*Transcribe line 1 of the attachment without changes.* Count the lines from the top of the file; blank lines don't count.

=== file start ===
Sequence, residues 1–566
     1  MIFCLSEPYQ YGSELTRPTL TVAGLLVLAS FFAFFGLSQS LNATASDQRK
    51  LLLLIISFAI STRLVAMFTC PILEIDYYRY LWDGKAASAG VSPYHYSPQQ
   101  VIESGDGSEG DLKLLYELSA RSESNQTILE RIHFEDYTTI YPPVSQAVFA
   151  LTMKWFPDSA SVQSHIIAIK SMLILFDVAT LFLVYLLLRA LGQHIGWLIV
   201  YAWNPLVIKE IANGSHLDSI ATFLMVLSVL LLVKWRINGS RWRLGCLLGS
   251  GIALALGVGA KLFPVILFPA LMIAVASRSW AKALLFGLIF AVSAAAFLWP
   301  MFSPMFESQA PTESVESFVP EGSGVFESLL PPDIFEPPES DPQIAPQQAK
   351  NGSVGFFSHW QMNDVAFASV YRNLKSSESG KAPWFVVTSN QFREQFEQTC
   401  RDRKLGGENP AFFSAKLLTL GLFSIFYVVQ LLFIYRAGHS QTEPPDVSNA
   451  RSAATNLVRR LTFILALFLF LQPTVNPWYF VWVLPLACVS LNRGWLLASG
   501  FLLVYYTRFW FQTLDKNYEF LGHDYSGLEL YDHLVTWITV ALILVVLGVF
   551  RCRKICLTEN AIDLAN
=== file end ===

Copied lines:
Sequence, residues 1–566